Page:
How to lower your homeowners insurance premium
Finding insurance for your most important asset is not easy. And when you finally find a reputable and knowledgeable broker to help you, you may be surprised at the cost associated with your insurance policy.
There are many different factors that go into calculating your homeowners insurance premium. Insurance companies have become data-driven institutions that know exactly what loss history is associated with each individual postal code within BC. As a result of all the data they collect, these insurers have gotten even more accurate in calculating the odds of further losses in the same areas, and therefore, attaching the applicable premium to it.
There are a number of other factors that determine your homeowners insurance premium and some are actually within your control and will affect the rate you pay each year. Let’s have a closer look at factors that could help you lower your annual homeowners insurance premium:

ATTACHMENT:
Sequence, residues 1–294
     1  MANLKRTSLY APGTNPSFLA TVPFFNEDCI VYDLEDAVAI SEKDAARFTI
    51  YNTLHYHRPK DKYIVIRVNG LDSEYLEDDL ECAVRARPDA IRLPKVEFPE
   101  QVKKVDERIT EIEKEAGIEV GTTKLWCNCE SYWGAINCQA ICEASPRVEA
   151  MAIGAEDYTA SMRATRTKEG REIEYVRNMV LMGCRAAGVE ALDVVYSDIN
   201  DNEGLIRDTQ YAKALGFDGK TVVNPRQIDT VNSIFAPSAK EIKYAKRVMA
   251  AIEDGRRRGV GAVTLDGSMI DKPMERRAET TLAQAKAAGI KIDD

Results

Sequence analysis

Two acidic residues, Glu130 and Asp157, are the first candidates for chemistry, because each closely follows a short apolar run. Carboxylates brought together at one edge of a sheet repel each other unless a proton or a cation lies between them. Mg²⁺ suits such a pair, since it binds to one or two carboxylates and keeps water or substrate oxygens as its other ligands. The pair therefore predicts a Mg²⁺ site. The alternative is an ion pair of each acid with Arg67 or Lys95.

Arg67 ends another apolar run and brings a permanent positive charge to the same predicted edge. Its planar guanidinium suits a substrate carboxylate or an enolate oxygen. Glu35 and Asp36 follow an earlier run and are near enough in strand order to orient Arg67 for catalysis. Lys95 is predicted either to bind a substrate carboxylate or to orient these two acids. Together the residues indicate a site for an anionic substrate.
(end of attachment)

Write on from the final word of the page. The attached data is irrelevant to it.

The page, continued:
Many insurance companies offer a ‘mature aged discount’ as part of their insurance application. Depending on the company, this could provide savings of 10% to those who are 65 years of age, or older.
The overall policy deductible you select has an inverse relationship with your premium. If you select a higher than average deductible (ie. $5,000), you will notice a lower annual premium but do keep in mind that should you experience a claim, you will be responsible for the higher deductible amount.